Oscars voting extended after online poll gripes

AP and AFP, Wednesday 2 Jan 2013

Problems with a new online polling system has forced the motion picture academy to extend voting for the 2013 Oscars; nominees to be announced 10 January and the grand ceremony will be held 24 February

Photo: Reuters
A large Oscar statue stands in the hallway at The Academy of Motion Picture Arts & Sciences Pickford Center for Motion Picture Study in Hollywood September 10, 2012. Photo: Reuters

Growing concern that problems with the new electronic Oscar voting system could lead to record-low turnout has prompted the motion picture academy to extend the deadline for members to vote for Oscar nominations.

The academy, which organizes the climax to Hollywood's annual awards season in February, introduced the option of online voting for first time for its nearly 6,000 members. But with next week's highly anticipated announcements looming, the extension is only for a day, until Friday.

"By extending the voting deadline we are providing every opportunity available to make the transition to online balloting as smooth as possible," said the academy's chief operating officer, Ric Robertson, in a statement. "We're grateful to our global membership for joining us in this process."

Reports of difficulty accessing the Oscars' first-ever online voting system and fears that it could be hacked have raised questions about balloting for the 85th annual contest. Earlier this year, the academy and its longtime accountants, PricewaterhouseCoopers, partnered with the electronic voting firm Everyone Counts Inc. to develop the system.

"There's considerable concern from many members that voter participation will be at record lows this year because the people who wanted to take a chance on this new cutting-edge system are either giving up on it or worried they won't be able to cast their votes," said Scott Feinberg, awards analyst and blogger for The Hollywood Reporter.

In the past, Oscar voting has been compiled strictly through paper ballots sent through the mail. The new system allows members to choose between voting online or sticking with a traditional mail-in ballot.

Morgan Spurlock, the documentary filmmaker whose 2004 film "Super Size Me" was nominated for best documentary, posted on Twitter last week that he wasn't able to log on to vote electronically and his ballot was instead mailed to him.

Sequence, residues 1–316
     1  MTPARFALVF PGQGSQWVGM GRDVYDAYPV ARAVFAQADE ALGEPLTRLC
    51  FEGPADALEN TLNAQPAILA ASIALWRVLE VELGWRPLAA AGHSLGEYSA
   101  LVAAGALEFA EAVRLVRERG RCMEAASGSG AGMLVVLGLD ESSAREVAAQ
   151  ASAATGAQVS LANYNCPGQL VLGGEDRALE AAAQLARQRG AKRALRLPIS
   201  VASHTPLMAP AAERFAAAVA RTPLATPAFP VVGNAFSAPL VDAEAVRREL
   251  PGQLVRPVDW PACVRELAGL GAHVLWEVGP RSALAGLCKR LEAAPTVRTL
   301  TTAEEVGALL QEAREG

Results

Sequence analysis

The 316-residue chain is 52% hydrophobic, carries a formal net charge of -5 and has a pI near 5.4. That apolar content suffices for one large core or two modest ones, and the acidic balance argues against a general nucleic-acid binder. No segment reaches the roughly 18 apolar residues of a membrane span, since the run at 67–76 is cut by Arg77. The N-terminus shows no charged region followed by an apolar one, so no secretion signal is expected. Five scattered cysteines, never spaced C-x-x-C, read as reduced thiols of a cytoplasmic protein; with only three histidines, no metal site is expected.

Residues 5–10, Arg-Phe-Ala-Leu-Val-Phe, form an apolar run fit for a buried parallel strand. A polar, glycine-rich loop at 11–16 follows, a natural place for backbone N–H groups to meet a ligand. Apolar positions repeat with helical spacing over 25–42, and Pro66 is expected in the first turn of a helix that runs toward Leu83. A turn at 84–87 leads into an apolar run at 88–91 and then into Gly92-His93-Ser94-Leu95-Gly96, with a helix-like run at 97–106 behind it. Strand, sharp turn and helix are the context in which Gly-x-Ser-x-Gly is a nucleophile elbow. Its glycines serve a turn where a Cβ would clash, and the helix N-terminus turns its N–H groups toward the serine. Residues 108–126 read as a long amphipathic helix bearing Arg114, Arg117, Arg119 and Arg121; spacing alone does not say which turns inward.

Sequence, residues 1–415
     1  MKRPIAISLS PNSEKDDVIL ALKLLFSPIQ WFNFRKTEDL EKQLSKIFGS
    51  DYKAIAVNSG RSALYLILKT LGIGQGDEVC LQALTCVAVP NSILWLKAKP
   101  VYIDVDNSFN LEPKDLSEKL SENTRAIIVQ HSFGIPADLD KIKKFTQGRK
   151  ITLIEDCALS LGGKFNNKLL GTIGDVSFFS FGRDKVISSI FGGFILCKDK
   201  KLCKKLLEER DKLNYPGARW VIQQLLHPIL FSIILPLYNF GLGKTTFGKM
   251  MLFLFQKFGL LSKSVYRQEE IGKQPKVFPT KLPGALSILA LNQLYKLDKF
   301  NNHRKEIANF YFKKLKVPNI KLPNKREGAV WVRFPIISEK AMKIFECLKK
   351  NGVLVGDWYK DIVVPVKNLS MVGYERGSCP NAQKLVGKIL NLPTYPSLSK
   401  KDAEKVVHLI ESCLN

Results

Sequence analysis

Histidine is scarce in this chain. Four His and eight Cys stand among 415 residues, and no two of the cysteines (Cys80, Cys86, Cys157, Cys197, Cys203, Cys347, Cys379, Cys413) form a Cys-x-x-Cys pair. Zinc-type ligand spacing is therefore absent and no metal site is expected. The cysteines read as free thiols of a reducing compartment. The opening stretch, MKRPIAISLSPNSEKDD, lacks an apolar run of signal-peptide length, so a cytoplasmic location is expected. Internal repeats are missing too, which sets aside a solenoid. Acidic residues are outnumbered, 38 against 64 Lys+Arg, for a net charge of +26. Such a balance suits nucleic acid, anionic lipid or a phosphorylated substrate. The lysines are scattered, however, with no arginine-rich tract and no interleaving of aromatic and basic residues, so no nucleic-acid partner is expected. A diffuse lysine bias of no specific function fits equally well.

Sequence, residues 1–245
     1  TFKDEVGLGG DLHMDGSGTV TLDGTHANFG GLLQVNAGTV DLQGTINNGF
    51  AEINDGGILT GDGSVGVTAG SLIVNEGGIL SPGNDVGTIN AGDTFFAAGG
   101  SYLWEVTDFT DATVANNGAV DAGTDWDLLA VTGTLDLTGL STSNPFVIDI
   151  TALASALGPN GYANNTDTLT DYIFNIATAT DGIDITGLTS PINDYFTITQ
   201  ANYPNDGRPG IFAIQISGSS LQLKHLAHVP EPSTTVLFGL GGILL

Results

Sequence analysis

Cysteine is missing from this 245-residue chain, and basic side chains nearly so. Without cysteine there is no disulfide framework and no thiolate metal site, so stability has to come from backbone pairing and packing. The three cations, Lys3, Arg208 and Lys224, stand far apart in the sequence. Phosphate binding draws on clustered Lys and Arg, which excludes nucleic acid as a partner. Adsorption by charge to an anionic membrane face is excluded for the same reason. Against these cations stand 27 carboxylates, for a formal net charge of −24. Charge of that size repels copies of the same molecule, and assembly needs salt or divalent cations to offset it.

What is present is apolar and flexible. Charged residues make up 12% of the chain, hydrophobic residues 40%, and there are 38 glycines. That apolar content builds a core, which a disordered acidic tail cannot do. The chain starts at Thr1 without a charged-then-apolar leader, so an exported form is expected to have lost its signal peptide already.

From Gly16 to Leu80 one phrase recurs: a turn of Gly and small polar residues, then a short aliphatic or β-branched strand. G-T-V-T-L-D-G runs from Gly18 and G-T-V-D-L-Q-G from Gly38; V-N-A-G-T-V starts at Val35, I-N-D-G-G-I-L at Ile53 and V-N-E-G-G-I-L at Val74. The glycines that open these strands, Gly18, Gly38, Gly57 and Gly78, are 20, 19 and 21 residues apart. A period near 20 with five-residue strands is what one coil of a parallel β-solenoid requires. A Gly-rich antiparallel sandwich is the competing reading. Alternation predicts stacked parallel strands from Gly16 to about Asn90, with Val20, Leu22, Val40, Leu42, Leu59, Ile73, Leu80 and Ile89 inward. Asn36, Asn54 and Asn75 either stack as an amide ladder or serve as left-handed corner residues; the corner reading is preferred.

"The password they sent didn't work for my log-in — and they couldn't email me a new log-in, only snail mail," tweeted the 42-year-old director.

The Academy also set up e-voting stations in Los Angeles, New York and London, where its own officials could help members through the process. But reports of problems with online voting have snowballed, with some Academy members struggling with the security system of passwords required to register their choices.

Oscar overseers originally said the switch would give the academy members more time to see nominated films before the Feb. 24 awards ceremony, but Feinberg of The Hollywood Reporter noted that the change gave voters less time to see potential contenders during the first phase of voting, when members decide on nominees.

"It's easier to break into the CIA," one member told the Hollywood Reporter last week, in a piece which said many voiced concern that many older voters would give up and not cast their ballots.

The median age of the Academy's 5,765 members is 62, according to a recent study cited by the Hollywood Reporter.

"If the turnout is lower among older members, more traditional Oscar contenders will probably receive fewer votes, and otherwise edgier films that appeal more to younger people could fare better," said Feinberg. "Because of the way that best-picture voting works, it could increase the chances of a movie like 'The Master' or 'Moonrise Kingdom' getting in."

"You know, a lot of older, cantankerous people -- people who aren't so highly motivated to vote -- are going to say, 'Oh, forget this.' I'm sure there's going to be some votes lost," added another member.

Ultimately, because of the inherent secrecy involved in selecting Oscar winners, Feinberg said it will be impossible to know what impact — if any — this year's voting changes have on the ceremony, where as many as 10 films could be vying for the best-picture award.

Nominees will be announced on January 10, while the winners will be announced on February 24, at a show hosted by "Family Guy" creator Seth MacFarlane.

Unlike in some previous years there is no clear favorite for best picture, with frontrunners ranging from Steven Spielberg's political drama "Lincoln" to Osama Bin Laden manhunt docu-thriller "Zero Dark Thirty."

Others tipped for Oscars glory include musical adaptation "Les Miserables," romcom "Silver Linings Playbook," Ang Lee's 3D fantasy "Life of Pi," and actor-director Ben Affleck's Iran hostage crisis drama "Argo."

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